Then pour them into a steamer and cover with a cloth. Steam for about 10-15 minutes.
Next take off the heat and empty onto a straw mat. Mix by hand and allow to cool.
Add the rice mould and stir well. Cover the mixture with paper and place under a futon for warmth and fermentation.

On the Second Day, after the mix has fermented for 24 hours stir again and leave to ferment for another day.
Put the beans into soak ready to use on day 3.

On the Third Day, cook the beans until they become soft, then mince them into a paste.
Mix the beans, fermented wheat and rice in a container. Crush them well to make sure there is no air trapped inside the mixture. Then place the mixture in a preservative type container. Cover the mixture with salt to protect it from deteriorating and to keep its colour and then seal the lid.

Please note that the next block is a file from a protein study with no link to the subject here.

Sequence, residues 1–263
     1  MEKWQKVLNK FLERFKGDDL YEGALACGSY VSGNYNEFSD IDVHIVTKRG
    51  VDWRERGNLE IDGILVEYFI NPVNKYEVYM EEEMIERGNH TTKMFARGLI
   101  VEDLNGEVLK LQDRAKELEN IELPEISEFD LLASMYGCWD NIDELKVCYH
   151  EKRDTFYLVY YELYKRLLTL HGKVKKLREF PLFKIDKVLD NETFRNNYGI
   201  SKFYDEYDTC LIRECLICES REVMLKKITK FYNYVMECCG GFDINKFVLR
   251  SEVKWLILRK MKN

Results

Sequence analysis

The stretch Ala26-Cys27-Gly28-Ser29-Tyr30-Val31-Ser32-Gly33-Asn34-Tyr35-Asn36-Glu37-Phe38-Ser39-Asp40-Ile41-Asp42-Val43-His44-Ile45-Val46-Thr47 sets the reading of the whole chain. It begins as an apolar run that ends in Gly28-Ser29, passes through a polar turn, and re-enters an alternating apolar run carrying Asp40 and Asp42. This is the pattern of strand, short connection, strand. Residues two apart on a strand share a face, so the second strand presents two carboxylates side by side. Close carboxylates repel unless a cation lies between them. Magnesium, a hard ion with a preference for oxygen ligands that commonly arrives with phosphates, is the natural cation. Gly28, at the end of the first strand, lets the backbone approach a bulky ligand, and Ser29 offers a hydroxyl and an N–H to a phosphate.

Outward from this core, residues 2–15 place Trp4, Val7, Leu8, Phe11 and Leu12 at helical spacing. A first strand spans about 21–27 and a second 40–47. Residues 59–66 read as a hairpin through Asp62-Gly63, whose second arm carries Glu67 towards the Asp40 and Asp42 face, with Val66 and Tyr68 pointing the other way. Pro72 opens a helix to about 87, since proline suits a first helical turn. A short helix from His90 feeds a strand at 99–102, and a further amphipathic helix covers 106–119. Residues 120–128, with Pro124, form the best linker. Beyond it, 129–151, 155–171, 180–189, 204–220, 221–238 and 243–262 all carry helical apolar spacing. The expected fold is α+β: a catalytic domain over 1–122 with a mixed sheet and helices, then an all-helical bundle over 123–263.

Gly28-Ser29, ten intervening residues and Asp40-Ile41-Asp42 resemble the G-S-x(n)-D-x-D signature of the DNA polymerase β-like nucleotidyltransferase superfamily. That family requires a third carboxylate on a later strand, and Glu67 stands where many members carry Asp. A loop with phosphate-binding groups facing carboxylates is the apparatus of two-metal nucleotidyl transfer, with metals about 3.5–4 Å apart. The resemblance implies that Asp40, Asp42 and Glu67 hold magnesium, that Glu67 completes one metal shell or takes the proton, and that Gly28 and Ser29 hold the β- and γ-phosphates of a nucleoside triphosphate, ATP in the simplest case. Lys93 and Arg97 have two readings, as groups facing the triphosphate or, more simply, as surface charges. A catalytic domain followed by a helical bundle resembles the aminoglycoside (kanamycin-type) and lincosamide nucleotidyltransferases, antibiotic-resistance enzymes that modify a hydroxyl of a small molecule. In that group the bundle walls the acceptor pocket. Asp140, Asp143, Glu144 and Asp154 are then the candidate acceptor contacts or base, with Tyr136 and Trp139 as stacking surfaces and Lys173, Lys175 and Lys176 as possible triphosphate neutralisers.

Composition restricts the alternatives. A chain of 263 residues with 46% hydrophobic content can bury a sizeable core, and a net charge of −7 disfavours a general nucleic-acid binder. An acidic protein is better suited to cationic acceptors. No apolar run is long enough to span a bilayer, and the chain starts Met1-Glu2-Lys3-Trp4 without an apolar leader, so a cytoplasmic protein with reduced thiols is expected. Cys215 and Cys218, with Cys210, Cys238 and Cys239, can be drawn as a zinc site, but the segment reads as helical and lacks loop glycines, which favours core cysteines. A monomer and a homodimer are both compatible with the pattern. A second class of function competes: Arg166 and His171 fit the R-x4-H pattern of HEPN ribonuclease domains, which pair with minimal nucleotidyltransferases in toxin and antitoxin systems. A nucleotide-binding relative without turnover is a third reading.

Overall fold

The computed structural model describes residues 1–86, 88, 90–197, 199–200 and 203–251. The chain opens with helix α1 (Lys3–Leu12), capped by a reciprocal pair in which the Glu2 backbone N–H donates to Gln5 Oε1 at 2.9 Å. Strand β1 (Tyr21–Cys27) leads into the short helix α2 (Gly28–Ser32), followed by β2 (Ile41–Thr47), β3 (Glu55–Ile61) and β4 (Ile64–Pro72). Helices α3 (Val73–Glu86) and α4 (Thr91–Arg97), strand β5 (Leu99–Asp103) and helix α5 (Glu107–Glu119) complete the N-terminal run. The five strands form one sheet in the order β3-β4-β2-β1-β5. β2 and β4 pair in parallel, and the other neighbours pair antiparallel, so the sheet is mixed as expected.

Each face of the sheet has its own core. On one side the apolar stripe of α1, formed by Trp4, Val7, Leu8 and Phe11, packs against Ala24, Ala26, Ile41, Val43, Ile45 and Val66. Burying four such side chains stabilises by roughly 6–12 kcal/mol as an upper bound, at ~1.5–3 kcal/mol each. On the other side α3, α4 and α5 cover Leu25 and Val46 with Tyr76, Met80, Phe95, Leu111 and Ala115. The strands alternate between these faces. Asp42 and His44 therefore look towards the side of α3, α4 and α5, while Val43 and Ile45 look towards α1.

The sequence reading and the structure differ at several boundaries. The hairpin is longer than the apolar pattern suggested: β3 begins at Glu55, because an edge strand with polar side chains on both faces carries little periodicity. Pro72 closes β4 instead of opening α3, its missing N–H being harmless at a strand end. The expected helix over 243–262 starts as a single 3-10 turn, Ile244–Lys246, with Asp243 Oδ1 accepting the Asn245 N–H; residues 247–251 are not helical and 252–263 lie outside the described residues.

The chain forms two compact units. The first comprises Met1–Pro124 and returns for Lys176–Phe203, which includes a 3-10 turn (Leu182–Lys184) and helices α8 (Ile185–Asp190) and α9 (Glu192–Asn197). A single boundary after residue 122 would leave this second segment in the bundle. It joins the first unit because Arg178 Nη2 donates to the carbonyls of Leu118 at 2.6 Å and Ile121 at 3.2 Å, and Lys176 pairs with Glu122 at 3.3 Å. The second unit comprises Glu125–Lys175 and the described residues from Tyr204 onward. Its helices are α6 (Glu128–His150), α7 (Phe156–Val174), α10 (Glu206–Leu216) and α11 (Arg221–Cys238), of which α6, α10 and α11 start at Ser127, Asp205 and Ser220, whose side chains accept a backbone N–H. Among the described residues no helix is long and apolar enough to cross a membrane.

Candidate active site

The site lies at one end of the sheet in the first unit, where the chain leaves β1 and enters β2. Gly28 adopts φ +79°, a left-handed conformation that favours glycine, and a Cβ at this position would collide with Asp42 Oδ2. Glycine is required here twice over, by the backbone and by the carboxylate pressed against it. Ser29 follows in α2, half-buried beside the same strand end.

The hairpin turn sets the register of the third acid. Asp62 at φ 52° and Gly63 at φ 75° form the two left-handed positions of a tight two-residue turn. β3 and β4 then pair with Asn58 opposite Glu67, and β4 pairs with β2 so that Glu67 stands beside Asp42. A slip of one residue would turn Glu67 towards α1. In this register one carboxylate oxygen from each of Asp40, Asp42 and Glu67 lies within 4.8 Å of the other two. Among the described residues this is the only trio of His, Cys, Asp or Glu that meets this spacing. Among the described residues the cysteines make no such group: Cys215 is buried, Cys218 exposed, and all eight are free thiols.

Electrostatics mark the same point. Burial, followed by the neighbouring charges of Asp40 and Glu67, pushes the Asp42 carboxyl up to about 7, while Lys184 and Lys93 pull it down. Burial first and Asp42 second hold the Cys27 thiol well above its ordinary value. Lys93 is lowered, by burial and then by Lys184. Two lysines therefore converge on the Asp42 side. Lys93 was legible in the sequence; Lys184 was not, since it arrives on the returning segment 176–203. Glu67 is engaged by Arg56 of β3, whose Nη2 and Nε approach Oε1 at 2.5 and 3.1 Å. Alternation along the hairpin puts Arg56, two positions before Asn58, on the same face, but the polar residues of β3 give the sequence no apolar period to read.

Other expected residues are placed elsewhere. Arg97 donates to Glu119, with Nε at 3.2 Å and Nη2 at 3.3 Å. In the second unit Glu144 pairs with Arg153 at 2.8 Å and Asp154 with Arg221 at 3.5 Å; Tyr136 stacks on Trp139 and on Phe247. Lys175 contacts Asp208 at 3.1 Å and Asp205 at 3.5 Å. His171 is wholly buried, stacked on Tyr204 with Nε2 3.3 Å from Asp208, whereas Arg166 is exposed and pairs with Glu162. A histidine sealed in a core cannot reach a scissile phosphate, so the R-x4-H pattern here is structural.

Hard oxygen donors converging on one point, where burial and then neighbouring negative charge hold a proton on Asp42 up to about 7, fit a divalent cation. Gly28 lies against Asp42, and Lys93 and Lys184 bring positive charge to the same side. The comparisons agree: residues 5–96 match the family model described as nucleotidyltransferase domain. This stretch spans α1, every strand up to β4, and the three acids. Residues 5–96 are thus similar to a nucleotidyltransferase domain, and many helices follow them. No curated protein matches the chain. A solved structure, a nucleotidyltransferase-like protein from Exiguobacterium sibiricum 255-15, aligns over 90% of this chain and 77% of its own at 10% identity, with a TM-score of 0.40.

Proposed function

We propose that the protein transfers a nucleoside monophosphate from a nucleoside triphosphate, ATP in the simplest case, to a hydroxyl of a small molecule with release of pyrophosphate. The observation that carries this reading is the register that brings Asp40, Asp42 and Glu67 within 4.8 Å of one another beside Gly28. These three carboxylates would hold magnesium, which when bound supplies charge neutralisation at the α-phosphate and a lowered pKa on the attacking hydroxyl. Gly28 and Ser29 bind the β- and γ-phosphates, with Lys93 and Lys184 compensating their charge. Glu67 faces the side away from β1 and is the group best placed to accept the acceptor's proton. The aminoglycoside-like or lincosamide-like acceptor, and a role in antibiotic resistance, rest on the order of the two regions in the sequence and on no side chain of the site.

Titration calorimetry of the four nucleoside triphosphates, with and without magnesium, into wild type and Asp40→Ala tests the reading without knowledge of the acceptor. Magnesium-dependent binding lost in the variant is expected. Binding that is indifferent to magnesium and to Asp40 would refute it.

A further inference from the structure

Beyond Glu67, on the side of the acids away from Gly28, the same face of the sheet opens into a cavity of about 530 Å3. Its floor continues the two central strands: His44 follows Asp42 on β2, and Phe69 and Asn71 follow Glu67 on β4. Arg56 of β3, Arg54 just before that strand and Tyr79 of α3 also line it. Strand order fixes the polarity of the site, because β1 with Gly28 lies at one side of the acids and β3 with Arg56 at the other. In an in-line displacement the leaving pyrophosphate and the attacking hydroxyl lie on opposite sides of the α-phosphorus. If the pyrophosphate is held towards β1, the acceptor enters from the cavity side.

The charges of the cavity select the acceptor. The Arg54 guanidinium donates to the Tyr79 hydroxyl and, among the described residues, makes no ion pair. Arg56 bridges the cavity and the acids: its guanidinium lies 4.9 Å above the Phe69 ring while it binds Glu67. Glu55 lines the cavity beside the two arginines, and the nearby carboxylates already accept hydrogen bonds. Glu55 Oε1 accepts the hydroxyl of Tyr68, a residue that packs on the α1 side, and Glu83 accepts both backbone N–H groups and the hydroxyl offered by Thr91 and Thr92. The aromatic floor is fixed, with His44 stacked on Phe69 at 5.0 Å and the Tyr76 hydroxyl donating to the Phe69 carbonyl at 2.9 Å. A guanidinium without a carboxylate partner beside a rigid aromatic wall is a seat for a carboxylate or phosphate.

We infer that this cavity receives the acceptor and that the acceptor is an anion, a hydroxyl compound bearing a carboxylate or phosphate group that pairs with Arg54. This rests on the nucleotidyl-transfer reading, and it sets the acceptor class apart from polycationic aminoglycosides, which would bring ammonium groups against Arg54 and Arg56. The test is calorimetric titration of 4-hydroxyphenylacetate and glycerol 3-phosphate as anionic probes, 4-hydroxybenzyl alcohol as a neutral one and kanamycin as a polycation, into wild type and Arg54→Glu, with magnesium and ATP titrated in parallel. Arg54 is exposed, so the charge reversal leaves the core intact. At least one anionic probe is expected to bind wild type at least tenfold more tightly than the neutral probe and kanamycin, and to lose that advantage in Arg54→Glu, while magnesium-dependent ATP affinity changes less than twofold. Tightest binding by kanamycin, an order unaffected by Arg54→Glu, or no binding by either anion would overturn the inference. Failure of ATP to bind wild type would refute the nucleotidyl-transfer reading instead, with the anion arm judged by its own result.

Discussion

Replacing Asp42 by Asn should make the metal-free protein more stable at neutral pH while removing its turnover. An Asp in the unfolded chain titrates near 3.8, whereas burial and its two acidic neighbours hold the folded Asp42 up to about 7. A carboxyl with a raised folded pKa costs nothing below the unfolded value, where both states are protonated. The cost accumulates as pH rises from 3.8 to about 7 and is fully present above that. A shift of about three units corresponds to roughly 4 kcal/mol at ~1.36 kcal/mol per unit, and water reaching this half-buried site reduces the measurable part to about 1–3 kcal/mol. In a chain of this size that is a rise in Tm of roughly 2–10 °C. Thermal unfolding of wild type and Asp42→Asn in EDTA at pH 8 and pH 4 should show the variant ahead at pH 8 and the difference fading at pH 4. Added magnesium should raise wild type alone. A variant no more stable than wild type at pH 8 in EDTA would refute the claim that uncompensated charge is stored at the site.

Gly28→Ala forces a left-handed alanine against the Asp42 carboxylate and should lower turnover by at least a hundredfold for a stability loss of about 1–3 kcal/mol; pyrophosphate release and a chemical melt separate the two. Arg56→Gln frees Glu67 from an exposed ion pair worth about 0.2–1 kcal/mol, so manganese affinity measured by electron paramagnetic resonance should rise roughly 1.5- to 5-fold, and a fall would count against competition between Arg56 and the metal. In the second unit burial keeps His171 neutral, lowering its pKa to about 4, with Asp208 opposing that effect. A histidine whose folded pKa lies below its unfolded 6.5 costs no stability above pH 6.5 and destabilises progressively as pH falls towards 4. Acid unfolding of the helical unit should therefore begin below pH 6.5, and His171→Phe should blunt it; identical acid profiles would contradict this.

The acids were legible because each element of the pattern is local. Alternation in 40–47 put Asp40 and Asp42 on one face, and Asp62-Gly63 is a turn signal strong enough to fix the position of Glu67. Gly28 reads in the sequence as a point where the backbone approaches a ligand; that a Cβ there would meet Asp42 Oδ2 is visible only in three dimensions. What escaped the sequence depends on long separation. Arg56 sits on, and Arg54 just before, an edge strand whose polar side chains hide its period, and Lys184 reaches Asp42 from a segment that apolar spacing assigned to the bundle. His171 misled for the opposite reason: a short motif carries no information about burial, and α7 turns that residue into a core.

After a few weeks it will be ready to use.
In conclusion, the 3 days I spent with these ladies making miso was very enjoyable, as well as being educational. It was so nice to work together just as families and neighbours did in the past.

Typical “Village Food” using Miso.


1. Grill the fish and separate the meat and the bones.
2. Put the meat, Miso and some peanuts into a brender and brend well.
3. Make soup with the fish bones and add to the mixture.
4. Pour the soup mixture onto rice and garnish with chopped leek and sesame.

A natural garden The world of Tasha Tudor

2017-06-25 08:59